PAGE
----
The government shutdown actually helped increase the national debt, as it jumped a record $328 billion the day after the shutdown ended and passed $17 trillion.
The reason for the big day of borrowing was that the Treasury Department was shut down for two weeks and unable to issue treasury bonds because of the battle on Capitol Hill. To make up for the two weeks without bonds, the department had to issue two weeks’ worth of debt at once.
How big is the debt? If you stacked $17 trillion in $1 bills, it would stretch to the moon and back – twice.
A threat to national security
Countries worldwide are taking note of America’s debt.
“The problem (in America) is an absolutely unsustainable level of indebtedness,” Liam Fox, the former British defense minister, told the Heritage Foundation. “The problem is in the western economies which are up to their necks in debt and if we don’t do something about it we’ll drown in that debt.”
The $17 trillion US national debt is actually larger than the Gross Domestic Product (GDP) — the amount of goods and services America produces every year. In 2012 the US GDP was $15.68 trillion.
Fox noted that all the major Western countries, including Britain, have unsustainable levels of debt. He pointed out that Britain now spends more on debt repayment than on its military and foreign aid budgets combined. Fox believes that the same thing will soon happen in America.
Admiral Mike Mullen, the former chairman of the Joint Chiefs of Staff, said America’s debt is “the single biggest threat to our national security.” Mullen told Forbes he believes that the national debt will diminish America’s international standing and influence.
How the national debt could hurt your family
The national debt is out of control and a threat to the future of every American. Here are a few facts about the national debt, and the menace it poses composed by Off the Grid News and the Heritage Foundation:
- The average American’s share of the national debt is now $53,769.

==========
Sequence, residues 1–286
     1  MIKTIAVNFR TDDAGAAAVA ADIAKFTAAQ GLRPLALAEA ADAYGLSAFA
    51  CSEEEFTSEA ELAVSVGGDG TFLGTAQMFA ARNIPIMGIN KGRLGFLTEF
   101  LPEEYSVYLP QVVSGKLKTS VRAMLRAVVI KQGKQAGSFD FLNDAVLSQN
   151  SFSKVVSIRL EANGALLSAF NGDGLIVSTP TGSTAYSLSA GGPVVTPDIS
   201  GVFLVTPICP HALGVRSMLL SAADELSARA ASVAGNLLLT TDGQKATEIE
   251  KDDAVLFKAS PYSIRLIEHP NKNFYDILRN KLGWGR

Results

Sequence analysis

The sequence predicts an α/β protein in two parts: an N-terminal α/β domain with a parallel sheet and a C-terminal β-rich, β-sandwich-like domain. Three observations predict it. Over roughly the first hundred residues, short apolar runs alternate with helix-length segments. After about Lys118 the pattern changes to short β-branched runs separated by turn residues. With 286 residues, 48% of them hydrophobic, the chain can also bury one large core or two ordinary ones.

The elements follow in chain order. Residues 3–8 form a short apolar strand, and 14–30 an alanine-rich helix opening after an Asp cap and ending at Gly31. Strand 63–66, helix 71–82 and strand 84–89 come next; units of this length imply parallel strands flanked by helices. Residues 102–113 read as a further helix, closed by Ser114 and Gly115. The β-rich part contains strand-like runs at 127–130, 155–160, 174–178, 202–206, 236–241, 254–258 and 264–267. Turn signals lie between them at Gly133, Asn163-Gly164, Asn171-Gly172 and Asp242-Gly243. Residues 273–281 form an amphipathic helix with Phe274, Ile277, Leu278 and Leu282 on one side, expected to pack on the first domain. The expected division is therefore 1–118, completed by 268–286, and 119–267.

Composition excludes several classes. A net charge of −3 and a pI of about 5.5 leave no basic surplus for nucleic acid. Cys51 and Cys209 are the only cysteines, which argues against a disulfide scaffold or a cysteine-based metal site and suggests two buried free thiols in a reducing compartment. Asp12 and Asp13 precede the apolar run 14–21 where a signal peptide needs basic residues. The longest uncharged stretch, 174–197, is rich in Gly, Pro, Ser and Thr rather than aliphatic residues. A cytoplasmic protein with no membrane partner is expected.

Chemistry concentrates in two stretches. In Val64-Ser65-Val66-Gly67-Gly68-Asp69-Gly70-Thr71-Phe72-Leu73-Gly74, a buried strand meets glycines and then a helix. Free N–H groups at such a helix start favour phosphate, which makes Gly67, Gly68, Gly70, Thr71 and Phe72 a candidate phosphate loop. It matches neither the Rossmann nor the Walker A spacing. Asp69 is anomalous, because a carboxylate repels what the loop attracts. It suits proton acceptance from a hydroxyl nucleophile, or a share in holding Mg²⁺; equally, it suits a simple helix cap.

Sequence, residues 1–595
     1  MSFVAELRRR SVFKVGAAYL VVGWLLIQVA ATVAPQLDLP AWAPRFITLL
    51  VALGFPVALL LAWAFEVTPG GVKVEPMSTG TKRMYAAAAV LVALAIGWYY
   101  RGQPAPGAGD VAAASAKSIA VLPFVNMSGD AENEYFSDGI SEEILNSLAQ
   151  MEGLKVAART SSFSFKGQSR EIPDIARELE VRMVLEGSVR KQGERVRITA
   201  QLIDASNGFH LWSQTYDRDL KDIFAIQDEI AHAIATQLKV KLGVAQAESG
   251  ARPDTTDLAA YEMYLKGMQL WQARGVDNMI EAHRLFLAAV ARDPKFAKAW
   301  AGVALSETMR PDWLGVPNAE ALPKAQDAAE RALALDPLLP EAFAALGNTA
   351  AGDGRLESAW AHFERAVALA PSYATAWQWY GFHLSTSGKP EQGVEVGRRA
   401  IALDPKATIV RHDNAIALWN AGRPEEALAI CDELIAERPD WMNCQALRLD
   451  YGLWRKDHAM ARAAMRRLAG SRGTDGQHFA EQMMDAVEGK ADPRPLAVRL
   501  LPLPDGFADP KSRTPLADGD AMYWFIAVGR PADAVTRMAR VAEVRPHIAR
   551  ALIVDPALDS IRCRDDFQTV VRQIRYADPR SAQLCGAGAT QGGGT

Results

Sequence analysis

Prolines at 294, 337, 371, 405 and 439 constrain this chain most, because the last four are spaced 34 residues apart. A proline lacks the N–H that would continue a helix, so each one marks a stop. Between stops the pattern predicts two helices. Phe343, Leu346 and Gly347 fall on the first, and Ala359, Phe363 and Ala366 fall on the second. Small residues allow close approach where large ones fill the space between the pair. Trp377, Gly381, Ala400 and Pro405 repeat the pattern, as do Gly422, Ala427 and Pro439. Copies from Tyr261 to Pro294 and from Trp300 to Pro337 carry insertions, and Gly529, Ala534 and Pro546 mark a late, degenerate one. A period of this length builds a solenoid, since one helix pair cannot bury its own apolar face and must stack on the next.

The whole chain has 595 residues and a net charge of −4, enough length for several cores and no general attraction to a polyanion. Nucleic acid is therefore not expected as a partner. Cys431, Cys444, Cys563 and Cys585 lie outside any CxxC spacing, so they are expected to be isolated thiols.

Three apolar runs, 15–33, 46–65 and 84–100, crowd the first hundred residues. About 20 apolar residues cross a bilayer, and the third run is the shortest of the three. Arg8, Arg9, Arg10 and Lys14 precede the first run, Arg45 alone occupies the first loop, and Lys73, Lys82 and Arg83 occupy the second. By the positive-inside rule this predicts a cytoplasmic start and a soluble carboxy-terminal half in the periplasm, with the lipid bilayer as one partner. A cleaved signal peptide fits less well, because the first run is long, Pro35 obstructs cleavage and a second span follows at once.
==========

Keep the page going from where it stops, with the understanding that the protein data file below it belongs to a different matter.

- Over at decade, the national debt will drag the economy and lower the income of the average family by $11,000. That’s because high-debt economies grow slower than low-debt economies.
- The debt will slow the growth of the economy because those families will be buying fewer goods and services. That will mean fewer jobs and lower salaries for those who can find work.
- Economic growth could stall. The Heritage Foundation noted that nations with a debt to GDP ratio of 120 percent had an economic growth rate of only 1.2 percent. Countries with a ratio of 90 percent grew by 2.3 percent. America’s debt to GDP ratio is now 115 percent and it is growing fast.
- Increasing the debt level raises the cost of borrowing money. This could lead to higher interest rates on business loans, car loans and mortgages and put those instruments out of some people’s reach.
- Increasing levels of debt could make US treasury bonds worth less and lower the interest rates on them. That could decrease retirement income because many pension funds are heavily invested in treasury bonds.
- The huge debt could make money worth less and increase inflation. It could also erode confidence in the US dollar which also increases inflation. That means less buying power for families because salaries and savings will be worth less.
- At some point the government might not be able to make Social Security, Medicare, Medicaid and other benefits payments because of the debt. If that happens, those who depend on such programs could be left without money or health care.
Americans need to pay attention and start taking steps to protect their families’ economic future, Liam Fox said.
“The American people are being overtaxed so the government can over borrow,” Fox said.